A United Nations emergency relief coordinator spoke highly
yesterday of China's relief efforts in the aftermath of a massive
earthquake in Pakistan earlier this month.
In his meeting with representatives from the Ministry of Foreign
Affairs, Jan Egeland asked for 20,000 tents, 10 helicopters and
as much money as immediately possible, and met with a "positive
"I was confident that China would give such an answer, and I
assume that assistance will flow in massively to Pakistan," he said
yesterday in a brief press conference in Beijing.
Jiabao promised that China would provide whatever help it can
for the reconstruction work in Pakistan, India and Afghanistan,
which were rocked by a 7.6-magnitude quake on October 8.
China also sent rescue teams to search through rubble for
"We are at the moment wanting to see China become an even bigger
and more predictable donor in international assistance work,"
Egeland said, and China agreed it has the potential and obligation
"They do not at all question our urgent need," he said.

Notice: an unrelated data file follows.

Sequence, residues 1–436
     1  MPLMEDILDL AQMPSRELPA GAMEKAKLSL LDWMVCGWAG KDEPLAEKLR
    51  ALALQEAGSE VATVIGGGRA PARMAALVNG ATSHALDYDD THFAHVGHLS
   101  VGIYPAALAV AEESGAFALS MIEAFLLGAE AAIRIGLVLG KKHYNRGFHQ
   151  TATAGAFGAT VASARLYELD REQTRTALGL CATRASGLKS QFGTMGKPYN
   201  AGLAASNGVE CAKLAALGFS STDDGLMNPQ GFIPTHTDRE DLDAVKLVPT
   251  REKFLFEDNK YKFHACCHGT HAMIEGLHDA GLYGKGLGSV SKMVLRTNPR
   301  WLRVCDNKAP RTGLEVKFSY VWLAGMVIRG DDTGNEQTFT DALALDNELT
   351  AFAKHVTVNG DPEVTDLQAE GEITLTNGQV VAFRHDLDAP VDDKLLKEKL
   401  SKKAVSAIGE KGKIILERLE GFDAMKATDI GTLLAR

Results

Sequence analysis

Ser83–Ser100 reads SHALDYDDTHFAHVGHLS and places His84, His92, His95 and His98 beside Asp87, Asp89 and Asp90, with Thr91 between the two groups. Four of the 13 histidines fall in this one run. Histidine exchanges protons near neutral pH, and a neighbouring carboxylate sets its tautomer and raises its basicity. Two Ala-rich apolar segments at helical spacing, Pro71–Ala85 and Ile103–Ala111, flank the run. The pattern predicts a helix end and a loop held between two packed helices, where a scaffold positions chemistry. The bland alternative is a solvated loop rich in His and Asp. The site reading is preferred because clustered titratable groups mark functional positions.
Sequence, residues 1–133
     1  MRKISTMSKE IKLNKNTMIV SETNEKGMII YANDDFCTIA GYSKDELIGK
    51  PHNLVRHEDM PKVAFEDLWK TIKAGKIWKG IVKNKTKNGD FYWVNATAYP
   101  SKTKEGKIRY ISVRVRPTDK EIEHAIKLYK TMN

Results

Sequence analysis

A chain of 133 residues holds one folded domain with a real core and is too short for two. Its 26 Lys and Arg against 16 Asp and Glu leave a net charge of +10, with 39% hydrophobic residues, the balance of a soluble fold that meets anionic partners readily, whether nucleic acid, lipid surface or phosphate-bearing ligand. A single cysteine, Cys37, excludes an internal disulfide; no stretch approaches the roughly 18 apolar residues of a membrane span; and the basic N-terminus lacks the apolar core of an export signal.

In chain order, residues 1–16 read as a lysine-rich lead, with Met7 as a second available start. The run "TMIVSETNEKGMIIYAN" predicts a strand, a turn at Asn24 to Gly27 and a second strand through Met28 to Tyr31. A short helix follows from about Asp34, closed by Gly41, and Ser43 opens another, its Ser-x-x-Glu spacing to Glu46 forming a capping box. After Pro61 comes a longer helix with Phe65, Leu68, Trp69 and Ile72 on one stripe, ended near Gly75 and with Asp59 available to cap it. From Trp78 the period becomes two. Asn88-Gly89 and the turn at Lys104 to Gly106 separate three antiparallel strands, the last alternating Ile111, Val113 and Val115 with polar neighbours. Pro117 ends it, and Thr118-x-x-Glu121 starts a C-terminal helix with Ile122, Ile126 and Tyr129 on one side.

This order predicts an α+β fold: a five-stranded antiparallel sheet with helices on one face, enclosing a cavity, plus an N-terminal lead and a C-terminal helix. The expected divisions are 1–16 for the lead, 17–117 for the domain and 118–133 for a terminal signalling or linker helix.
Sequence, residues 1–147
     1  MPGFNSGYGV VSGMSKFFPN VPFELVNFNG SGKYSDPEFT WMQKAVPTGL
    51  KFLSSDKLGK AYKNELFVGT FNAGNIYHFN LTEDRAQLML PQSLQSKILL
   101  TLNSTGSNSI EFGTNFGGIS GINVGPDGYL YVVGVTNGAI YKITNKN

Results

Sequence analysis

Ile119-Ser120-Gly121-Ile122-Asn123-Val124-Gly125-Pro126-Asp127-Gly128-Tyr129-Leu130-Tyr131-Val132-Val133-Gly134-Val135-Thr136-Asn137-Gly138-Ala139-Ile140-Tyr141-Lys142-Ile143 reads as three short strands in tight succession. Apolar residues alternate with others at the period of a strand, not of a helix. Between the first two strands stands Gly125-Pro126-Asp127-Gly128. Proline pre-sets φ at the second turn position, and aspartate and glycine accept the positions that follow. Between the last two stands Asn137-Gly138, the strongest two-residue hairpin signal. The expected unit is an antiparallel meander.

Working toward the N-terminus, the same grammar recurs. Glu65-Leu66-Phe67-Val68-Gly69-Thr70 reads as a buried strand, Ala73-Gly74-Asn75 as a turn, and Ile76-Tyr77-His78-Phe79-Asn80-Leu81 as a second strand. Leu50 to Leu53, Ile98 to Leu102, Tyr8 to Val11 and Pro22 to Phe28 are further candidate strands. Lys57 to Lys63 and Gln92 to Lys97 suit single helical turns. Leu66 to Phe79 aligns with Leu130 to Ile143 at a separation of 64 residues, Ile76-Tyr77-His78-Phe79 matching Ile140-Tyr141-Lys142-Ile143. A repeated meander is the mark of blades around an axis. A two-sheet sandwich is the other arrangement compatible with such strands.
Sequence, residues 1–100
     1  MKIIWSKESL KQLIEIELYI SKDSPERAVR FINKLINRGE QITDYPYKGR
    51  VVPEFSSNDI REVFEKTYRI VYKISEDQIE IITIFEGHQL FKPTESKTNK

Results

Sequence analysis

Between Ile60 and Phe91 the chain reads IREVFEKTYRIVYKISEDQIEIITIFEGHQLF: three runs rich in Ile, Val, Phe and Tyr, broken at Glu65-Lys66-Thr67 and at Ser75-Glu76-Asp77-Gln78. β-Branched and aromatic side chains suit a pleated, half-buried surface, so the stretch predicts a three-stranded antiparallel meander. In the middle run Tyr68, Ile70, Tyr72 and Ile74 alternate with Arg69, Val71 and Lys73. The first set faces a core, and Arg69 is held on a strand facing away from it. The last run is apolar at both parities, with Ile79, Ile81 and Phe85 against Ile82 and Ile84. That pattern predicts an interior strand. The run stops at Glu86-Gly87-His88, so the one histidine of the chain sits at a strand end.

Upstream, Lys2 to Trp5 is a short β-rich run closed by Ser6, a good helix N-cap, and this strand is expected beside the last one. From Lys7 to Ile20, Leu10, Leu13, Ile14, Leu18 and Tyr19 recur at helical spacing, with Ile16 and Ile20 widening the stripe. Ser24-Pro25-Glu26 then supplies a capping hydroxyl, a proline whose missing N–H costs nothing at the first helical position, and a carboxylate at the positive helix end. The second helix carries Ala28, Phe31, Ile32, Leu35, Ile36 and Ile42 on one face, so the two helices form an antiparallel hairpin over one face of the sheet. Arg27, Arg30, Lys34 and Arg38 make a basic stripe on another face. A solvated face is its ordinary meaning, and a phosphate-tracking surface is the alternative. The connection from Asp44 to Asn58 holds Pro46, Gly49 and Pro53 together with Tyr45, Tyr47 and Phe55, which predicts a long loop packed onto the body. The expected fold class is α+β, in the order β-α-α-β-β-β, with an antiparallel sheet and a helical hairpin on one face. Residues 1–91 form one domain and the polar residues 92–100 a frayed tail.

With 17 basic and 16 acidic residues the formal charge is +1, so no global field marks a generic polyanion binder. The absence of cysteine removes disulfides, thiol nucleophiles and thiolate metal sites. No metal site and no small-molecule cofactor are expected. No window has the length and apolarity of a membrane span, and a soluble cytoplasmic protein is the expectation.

Egeland also praised China's relief efforts in the aftermath of
the Asian tsunami last December.
"We did receive US$20 million, as some money was given very
early and immediately after the emergency," he said. "China did
China has also shown itself to be one of the leaders in the
world in disaster relief, he said.
"China has been responding so well to earthquakes and other
emergencies in the country, and everybody needs to learn from it,"
China probably had the most tents in storage at the time, he
"We are not doing well enough as international communities," he
said. "We are behind in reaching people up in the mountains in
Pakistan, and about 3 million people have been homeless or have had
their houses damaged."
The freezing temperature, rain and lack of roads have prevented
rescue teams from reaching out to those stranded.
"All nations must come together," Egeland said, "and China is
one of those of which we have highest expectations."
(China Daily, October 20, 2005)